The birth of the space telescope
Steven Beckwith - Space Telescope Science Institute (STScI

Now the politics of the space telescope are a little more intricate than the politics of some other things, because in addition to convincing the government that you want to finance it, you really have to have the astronomical community – however that’s defined – broadly behind the program.

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Steven Beckwith

Repairing and enhancing the Hubble telescope
Steven Beckwith - Space Telescope Science Institute (STScI

NASA, to their credit, is a very can-do agency. NASA and the people associated with the Space Program are just extraordinary individuals, and so NASA decided pretty quickly that they had to do something, they had to rescue the Hubble.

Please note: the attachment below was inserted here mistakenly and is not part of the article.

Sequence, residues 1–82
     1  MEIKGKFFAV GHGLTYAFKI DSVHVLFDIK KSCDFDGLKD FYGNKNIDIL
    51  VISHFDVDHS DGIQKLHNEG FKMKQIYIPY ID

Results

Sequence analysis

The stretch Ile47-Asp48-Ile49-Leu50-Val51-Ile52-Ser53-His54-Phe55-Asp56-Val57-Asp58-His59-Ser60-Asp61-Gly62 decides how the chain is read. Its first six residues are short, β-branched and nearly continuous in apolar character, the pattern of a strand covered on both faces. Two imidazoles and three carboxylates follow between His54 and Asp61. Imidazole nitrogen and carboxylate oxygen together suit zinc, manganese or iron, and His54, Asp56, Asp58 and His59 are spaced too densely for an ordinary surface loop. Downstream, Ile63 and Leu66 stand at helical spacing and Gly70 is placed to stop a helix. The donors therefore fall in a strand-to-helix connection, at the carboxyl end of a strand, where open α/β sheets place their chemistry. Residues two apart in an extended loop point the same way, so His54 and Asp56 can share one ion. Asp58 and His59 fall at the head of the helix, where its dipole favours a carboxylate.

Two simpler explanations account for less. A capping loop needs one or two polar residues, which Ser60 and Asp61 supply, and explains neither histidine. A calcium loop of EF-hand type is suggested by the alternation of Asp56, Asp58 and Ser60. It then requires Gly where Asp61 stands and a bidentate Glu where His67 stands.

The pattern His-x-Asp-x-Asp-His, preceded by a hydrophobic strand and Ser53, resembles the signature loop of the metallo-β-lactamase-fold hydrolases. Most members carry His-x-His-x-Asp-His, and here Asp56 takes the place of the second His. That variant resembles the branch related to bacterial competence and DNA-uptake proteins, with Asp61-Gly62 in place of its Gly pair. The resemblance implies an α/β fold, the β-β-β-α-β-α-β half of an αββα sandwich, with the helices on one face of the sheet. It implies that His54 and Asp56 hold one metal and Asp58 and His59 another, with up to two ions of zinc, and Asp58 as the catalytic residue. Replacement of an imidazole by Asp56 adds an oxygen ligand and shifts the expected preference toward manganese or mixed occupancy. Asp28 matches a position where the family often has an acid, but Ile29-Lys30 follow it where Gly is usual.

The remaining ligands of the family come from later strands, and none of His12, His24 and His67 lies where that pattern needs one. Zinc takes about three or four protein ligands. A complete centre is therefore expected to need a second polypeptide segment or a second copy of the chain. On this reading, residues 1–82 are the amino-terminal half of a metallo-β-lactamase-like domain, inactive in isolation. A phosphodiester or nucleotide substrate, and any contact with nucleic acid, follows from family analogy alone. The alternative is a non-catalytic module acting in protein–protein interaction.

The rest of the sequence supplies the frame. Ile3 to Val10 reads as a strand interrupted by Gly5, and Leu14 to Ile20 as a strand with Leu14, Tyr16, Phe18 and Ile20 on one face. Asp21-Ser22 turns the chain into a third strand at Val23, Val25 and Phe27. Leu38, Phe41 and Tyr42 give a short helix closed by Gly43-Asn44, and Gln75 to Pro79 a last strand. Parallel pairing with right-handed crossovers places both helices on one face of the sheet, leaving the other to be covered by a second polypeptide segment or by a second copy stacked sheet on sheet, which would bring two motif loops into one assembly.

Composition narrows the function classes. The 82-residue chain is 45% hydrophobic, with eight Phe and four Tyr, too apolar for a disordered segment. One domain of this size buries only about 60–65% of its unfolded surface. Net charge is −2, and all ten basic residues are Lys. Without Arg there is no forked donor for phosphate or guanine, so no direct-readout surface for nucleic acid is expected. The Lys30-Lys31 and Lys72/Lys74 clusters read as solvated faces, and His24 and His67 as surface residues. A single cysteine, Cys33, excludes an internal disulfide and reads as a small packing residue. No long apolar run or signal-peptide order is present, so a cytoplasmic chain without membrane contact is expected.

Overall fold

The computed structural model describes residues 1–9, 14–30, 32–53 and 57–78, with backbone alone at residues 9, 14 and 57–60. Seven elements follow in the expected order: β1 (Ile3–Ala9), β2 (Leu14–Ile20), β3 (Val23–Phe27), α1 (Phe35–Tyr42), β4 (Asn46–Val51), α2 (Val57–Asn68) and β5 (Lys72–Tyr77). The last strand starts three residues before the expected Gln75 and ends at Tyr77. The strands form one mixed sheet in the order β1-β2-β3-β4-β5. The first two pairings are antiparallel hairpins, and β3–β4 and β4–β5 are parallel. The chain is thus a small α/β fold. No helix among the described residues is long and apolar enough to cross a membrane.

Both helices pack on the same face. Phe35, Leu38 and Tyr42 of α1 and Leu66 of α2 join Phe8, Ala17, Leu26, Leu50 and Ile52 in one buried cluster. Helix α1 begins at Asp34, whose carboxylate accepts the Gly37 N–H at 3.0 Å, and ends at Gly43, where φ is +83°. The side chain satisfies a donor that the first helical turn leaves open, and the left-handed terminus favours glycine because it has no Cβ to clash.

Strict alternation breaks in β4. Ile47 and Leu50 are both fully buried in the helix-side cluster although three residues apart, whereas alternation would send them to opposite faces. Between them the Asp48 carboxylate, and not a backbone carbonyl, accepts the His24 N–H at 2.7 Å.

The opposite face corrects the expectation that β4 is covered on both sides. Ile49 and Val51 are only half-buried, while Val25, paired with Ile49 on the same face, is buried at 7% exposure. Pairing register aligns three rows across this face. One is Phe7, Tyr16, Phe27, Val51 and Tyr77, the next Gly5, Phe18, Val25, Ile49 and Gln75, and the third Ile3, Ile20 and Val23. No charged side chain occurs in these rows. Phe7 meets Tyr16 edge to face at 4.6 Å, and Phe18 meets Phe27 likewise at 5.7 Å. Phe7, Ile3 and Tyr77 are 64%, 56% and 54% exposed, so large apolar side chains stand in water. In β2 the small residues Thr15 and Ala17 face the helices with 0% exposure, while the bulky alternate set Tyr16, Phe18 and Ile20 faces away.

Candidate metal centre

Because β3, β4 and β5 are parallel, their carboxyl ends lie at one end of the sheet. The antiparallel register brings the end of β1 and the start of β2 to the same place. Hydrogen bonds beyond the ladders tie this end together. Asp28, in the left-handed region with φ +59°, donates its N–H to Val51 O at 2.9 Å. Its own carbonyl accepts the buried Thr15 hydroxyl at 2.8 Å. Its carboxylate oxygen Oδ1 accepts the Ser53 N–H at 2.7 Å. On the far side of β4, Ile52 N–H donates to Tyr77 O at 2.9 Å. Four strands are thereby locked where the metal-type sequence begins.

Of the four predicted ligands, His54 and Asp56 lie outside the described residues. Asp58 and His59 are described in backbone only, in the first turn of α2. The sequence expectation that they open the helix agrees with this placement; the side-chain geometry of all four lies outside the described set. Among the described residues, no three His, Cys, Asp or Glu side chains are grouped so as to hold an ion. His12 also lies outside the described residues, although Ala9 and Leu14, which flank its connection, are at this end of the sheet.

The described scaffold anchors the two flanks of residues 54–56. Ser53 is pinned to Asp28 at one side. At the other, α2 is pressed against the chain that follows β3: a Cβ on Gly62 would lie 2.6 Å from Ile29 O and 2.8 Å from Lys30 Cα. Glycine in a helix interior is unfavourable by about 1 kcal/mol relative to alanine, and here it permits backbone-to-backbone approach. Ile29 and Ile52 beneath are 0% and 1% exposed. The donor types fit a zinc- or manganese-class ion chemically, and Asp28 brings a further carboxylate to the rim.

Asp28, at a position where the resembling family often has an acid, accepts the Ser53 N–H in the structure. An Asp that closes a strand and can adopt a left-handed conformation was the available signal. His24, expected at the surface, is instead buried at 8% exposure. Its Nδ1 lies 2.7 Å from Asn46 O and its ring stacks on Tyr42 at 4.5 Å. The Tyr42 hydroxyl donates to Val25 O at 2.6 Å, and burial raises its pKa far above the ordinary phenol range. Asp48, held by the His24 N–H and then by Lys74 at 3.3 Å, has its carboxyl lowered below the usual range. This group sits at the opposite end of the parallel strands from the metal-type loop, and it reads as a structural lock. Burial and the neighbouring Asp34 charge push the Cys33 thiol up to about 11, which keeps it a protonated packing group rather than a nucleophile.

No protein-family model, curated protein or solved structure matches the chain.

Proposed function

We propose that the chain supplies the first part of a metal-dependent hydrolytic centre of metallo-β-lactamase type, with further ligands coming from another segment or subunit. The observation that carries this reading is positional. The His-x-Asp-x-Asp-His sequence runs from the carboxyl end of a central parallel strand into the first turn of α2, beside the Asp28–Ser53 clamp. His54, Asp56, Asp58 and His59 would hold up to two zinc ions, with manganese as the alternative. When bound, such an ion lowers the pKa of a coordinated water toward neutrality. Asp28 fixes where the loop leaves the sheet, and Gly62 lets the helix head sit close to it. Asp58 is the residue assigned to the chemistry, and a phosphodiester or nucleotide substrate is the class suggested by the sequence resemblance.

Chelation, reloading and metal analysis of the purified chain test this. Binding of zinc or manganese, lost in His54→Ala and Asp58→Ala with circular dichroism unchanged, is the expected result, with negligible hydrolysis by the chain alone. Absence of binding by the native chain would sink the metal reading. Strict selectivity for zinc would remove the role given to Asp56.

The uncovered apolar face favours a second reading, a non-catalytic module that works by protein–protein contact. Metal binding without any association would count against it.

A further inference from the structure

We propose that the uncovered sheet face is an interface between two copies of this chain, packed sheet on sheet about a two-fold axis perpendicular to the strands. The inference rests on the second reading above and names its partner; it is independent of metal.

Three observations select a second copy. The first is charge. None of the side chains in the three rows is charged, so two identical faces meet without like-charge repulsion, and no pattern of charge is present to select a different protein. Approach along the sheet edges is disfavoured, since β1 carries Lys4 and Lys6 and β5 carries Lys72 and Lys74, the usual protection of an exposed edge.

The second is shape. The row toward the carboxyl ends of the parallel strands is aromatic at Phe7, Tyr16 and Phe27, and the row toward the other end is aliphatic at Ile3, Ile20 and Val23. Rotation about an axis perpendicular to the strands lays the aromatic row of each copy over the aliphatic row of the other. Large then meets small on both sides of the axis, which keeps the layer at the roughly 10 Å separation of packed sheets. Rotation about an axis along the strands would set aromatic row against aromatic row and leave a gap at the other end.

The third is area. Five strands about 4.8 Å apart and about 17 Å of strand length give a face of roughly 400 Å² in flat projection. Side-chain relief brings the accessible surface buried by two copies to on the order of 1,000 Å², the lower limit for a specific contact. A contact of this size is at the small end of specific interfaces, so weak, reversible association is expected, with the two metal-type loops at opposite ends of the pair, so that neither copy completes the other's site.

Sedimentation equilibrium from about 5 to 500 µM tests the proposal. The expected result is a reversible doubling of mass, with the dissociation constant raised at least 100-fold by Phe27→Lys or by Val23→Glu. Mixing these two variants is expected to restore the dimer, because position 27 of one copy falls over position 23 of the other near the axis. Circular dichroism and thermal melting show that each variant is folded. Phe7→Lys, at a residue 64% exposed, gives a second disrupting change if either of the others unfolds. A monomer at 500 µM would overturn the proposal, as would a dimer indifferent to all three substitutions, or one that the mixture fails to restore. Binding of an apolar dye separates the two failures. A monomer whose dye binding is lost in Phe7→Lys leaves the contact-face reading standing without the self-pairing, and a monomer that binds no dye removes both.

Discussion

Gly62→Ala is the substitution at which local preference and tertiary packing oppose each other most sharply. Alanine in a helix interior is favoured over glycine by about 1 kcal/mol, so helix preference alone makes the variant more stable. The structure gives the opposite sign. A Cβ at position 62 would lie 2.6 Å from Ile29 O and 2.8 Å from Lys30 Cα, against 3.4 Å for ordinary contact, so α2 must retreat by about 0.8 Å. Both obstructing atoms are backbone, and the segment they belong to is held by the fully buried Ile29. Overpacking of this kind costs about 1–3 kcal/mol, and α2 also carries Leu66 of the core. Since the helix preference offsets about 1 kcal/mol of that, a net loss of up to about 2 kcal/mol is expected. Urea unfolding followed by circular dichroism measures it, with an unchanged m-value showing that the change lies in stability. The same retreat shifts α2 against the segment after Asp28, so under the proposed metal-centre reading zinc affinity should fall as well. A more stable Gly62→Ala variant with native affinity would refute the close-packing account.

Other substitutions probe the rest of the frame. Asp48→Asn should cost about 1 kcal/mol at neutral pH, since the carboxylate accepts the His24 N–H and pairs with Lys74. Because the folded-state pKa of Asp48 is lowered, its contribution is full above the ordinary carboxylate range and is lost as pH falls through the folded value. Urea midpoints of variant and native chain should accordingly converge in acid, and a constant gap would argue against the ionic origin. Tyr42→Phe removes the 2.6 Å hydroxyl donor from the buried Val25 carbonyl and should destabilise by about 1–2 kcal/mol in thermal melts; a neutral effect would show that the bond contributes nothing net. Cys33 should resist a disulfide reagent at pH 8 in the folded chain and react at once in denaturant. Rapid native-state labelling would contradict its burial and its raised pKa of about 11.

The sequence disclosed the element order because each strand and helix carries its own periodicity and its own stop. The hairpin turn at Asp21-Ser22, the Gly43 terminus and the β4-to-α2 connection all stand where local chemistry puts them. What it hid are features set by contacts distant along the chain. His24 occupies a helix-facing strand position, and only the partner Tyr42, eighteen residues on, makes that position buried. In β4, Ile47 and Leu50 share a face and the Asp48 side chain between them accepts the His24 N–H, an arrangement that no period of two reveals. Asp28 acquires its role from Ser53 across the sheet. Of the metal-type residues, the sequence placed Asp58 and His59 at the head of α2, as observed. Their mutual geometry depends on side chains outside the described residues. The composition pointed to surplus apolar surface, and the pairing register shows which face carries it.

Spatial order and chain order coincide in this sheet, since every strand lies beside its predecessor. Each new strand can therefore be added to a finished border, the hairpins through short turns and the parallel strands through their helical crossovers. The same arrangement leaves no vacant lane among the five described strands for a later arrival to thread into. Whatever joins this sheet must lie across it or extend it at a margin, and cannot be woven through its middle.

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Steven Beckwith

Improving the Hubble telescope
Steven Beckwith - Space Telescope Science Institute (STScI

In the case of Hubble it was the same thing, they said ‘we will put a large telescope in space’ – they had some pretty good ideas about how to do it, but there were many details left to be worked out.

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Steven Beckwith

Hubble: The People's Telescope
Steven Beckwith - Space Telescope Science Institute (STScI

The more I looked at Hubble, the more I became convinced that this was a modern miracle, something we had to keep going, had to have up there. You see it time and again, in the way that the public reacts to the Hubble.

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Trudy Bell

Draper and the development of the reflecting telescope
Trudy Bell - Writer

In the 1860s, Henry Draper in the United States – on the Hudson River in New York State, discovered a way of making a mirror out of glass, and so you’d just have the concave surface of glass instead of speculum metal, and he discovered a way of depositing a thin coating of silver on it, and so it would take the curve of the figure.